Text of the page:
Google Stadia, a cloud-based platform that streams games from a remote data center to nearly any device, is designed to work on laptops, phones, tablets, PCs, Macs, Chromebooks, and TVs with Chromecast. All graphics processing is relegated to off-site hardware, so all you need is a strong internet connection. It’s a technologically impressive concept, and we were eager to be one of the first to experience it on the GDC 2019 showroom floor. Both Assassin’s Creed Odyssey and 2016’s Doom were playable at the event, and though they ran and looked great, I couldn’t help but notice one significant shortcoming.
Keep in mind, my hands-on time was at the Google stations on the GDC show floor, so your mileage may vary. There are a lot variables at play in addition to the internet connection, and these are early playable builds under unknown conditions. Display response time is another factor that we couldn’t account for during the hands-on demo, and it’s an important spec to consider, especially for a PC-like experience—these were not gaming-grade monitors at the demo stations.
Input lag was the worst offender during my time with Doom; this was readily apparent when swiping the mouse around to aim. The aiming reticule would trail behind my mouse movements ever so slightly, and for a game like Doom—a hyper-fast first-person shooter that relies on precision aiming—it can be a deal-breaker. Playing on a controller mitigated the emphasis on speed and precision and made input lag a little less of a factor, but it doesn’t negate the issue altogether. Another thing to note is that Google staff told me the Doom demo in particular was running in a low-latency mode available on Stadia itself. From a fidelity standpoint, the game ran at a consistent frame-rate using medium-high settings with adequate overall image quality; artifacting (or compression) didn’t affect the experience. However, it’s a bit disappointing that input lag could hold this back from being the ideal way to play a game as fast as Doom.
[Update: Google, for its part, insists latency wouldn’t be an issue for Stadia. This claim came from Phil Harrison, who sat down with GameSpot to discuss a range of Stadia questions, including exclusive games, pricing, and data caps. Not long after Stadia’s reveal, Apple announced its new foray into games with Apple Arcade. That service works like Xbox Game Pass and is not cloud-based, as Apple made it clear that—in an apparent nod toward Stadia concerns—its games can be played offline.]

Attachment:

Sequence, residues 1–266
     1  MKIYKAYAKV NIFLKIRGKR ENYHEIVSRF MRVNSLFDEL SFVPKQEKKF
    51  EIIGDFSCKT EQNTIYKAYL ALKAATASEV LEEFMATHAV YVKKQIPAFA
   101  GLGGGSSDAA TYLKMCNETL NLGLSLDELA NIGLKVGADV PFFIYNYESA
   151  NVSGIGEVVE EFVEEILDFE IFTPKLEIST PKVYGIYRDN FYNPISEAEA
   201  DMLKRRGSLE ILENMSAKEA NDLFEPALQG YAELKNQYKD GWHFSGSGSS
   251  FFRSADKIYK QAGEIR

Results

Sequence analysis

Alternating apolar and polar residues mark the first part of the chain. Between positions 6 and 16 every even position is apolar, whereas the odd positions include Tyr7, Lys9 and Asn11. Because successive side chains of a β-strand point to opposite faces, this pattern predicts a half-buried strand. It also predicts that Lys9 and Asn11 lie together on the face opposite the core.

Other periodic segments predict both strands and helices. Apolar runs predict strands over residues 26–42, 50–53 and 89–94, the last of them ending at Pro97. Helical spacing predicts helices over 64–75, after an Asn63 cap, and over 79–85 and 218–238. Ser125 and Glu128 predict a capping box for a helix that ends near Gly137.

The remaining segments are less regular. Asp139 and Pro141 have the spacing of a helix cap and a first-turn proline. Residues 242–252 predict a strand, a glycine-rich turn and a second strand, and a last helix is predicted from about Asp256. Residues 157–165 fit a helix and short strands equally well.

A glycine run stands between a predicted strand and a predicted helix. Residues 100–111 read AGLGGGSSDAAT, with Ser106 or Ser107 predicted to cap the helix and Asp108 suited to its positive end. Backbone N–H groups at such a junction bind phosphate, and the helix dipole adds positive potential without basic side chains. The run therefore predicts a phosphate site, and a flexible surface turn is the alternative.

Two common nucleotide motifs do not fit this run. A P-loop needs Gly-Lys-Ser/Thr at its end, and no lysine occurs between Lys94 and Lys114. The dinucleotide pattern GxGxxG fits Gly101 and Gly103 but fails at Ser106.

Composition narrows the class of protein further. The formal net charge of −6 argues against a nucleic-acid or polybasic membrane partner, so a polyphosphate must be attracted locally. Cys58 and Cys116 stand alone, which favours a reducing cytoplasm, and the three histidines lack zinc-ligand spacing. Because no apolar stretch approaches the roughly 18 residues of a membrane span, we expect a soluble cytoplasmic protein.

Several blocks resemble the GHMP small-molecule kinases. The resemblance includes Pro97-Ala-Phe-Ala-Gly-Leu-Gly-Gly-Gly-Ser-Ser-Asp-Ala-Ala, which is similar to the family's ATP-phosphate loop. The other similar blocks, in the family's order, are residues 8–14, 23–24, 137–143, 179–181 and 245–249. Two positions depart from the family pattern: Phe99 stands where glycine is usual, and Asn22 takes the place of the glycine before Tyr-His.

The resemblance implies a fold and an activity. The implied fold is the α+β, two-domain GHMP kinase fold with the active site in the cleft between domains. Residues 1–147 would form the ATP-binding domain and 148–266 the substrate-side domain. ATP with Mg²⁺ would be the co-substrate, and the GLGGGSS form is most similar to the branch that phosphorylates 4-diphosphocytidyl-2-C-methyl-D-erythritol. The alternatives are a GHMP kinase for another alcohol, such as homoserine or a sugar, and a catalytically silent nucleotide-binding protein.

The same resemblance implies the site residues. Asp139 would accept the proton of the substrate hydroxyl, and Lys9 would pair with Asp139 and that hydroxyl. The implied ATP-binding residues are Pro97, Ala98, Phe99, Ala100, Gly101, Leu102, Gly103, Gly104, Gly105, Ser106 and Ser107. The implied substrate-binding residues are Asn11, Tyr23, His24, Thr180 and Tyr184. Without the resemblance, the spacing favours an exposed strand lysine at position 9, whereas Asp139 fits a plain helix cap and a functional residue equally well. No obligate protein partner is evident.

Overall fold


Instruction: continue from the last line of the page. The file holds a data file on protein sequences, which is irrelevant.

I also got to revisit Assassin’s Creed Odyssey with Stadia and it felt very similar to Google’s early cloud-gaming beta that called Project Stream. Of course, Odyssey doesn’t have the same emphasis on speed and accuracy as Doom, so naturally the experience translated better to the cloud-based platform. When peeking at some of the settings, the demo was running at 1080p, 60 FPS, with a 20 Mbps bit rate. The game had decent visual quality with some discernible artifacting, but we were playing up-close on large TVs which isn’t a typical setup.
At launch, it’ll be capable of delivering up to 4K resolution and 60 FPS thanks to a brand-new AMD GPU rated at 10.7 TFLOPs that powers the data center hardware—remember, the Xbox One X, currently the most powerful console to date, has 6.0 TFLOPs. Stadia will come with a whole roster of features in addition to the convenience of playing games over a powerful cloud-based platform.
Google will also offer its own controller for Stadia which has integrated Google Assistant, its voice-controlled AI technology—developers will be able to incorporate this capability into their games. Additionally, Stadia will have seamless streaming to YouTube with plenty of features change how people will able to jump into multiplayer games (Crowd Play), and share specific gameplay moments for other players to jump into (State Share).
Google isn’t the only one staking a claim in cloud-based gaming, however. Microsoft’s Project xCloud, which also streams games from hardware at a data center to devices via an internet connection, will be having test runs later this year as well. For more on the game streaming landscape, be sure to read our quick rundown of all the gaming companies investing in cloud gaming and what they’re offering.
If Google can improve key aspects, namely the apparent issues with input lag, Stadia would be a serious competitor in the gaming landscape. Otherwise, there may be limitations as to which games would work best on this new platform. Regardless, the accessibility that Google will offer is unprecedented. While cloud gaming itself is not new, the combination of accessibility and convenience could help this service to establish a foothold. We’ll all be able to see for ourselves when Stadia launches sometime in 2019.